The revolution will not be crystallized: a new method sweeps through structural biology. Move over X-ray crystallography. Cryo-electron microscopy is kicking up a storm by revealing the hidden machinery of the cell by bombarding uncrystallized samples flash-frozen to stability. nature
Jacques Dubochet, Joachim Frank and Richard Henderson were awarded the Nobel prize on 4 October, 2017, for their work in developing cryo-electron microscopy. nature
4.9 Å cryo-EM map of the mammalian 39S mitoribosomal subunit. page
Cryo-EM is suited to large, stable molecules that can withstand electron bombardment without jiggling around — so molecular machines, often built from dozens of proteins, are good targets.
None has proved more suitable than ribosomes, which are braced by rigid twists of RNA. In the past couple of years, ‘ribosomania’ has gripped cryo-EM researchers, and various teams have quickly determined and published dozens of cryo-EM structures of ribosomes from a multitude of organisms, including the first high-resolution models of human ribosomes.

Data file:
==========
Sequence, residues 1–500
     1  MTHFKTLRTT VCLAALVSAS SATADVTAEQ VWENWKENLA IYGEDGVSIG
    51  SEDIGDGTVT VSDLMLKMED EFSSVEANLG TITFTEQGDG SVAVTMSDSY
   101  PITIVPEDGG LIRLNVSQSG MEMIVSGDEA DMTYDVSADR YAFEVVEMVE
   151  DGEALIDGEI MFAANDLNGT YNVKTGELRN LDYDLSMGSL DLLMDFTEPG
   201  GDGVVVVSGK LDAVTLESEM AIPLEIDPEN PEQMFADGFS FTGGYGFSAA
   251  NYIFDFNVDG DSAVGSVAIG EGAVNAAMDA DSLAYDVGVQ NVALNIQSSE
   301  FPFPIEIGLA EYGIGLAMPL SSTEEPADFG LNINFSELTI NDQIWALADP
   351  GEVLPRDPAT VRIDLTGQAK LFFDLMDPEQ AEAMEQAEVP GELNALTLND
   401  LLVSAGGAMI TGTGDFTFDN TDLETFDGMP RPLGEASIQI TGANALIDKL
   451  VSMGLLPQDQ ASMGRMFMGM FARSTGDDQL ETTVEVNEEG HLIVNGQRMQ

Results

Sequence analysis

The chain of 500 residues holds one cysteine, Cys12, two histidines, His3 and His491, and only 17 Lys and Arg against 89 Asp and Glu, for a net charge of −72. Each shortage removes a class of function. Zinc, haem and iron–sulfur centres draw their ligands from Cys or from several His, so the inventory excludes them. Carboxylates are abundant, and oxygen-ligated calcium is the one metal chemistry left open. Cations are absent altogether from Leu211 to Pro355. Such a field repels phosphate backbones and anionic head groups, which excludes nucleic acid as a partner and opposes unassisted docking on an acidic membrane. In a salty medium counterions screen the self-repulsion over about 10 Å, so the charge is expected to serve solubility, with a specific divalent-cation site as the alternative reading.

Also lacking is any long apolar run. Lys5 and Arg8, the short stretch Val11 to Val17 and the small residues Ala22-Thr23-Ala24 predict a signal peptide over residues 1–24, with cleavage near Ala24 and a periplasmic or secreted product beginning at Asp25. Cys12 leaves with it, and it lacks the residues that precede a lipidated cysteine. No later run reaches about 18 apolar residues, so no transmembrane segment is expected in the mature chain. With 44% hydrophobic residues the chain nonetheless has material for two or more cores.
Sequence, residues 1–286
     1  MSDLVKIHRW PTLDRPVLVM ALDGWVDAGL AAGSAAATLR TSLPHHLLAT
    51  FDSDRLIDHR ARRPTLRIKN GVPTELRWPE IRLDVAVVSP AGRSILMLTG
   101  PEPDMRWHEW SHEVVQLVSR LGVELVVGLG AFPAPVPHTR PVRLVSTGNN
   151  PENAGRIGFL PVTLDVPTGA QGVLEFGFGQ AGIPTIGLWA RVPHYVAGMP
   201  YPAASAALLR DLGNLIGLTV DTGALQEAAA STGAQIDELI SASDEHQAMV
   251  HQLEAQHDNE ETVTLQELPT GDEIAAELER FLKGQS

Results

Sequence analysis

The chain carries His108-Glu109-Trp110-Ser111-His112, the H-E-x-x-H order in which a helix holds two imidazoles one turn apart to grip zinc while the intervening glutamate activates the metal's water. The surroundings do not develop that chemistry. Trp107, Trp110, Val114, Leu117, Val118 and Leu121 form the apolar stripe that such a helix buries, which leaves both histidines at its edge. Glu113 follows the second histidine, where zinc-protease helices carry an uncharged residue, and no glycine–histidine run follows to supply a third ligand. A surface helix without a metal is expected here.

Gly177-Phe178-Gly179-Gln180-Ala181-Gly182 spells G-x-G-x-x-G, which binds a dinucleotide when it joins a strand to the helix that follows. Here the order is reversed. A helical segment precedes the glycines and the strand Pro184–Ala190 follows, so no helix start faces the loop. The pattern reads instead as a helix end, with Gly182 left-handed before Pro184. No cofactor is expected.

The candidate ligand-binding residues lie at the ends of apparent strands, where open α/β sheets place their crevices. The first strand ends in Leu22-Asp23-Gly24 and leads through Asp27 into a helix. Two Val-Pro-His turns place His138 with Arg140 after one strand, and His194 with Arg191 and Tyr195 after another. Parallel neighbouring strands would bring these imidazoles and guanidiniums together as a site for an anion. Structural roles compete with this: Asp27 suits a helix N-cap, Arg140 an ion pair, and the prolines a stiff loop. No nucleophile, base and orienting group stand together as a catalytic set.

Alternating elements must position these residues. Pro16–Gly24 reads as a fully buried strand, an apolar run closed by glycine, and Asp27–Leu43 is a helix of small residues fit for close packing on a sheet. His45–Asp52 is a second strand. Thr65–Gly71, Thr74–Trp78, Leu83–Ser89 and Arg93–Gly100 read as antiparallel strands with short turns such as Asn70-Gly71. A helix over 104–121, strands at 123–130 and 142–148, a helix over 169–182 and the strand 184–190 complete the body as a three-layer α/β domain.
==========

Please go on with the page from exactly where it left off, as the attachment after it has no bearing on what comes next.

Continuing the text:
Long after digital cameras had taken the world by storm, many electron microscopists still preferred old-fashioned film because it recorded electrons more efficiently than did digital sensors. But, working with microscope manufacturers, the researchers developed a new generation of ‘direct electron detectors’ that vastly outperforms both film and digital-camera detectors.
Available since about 2012, the detectors can capture quick-fire images of an individual molecule at dozens of frames per second. Researchers such as Scheres, meanwhile, have written sophisticated software programs to morph thousands of 2D images into sharp 3D models that, in many cases, match the quality of those deciphered with crystallography.
Richard Henderson talks to Jim Al-Khalili about half a century of problem solving and the bold strategic decisions that led him to be awarded the 2017 Nobel Prize for Chemistry, together with Joaquim Frank and Jacques Dubochet. bbc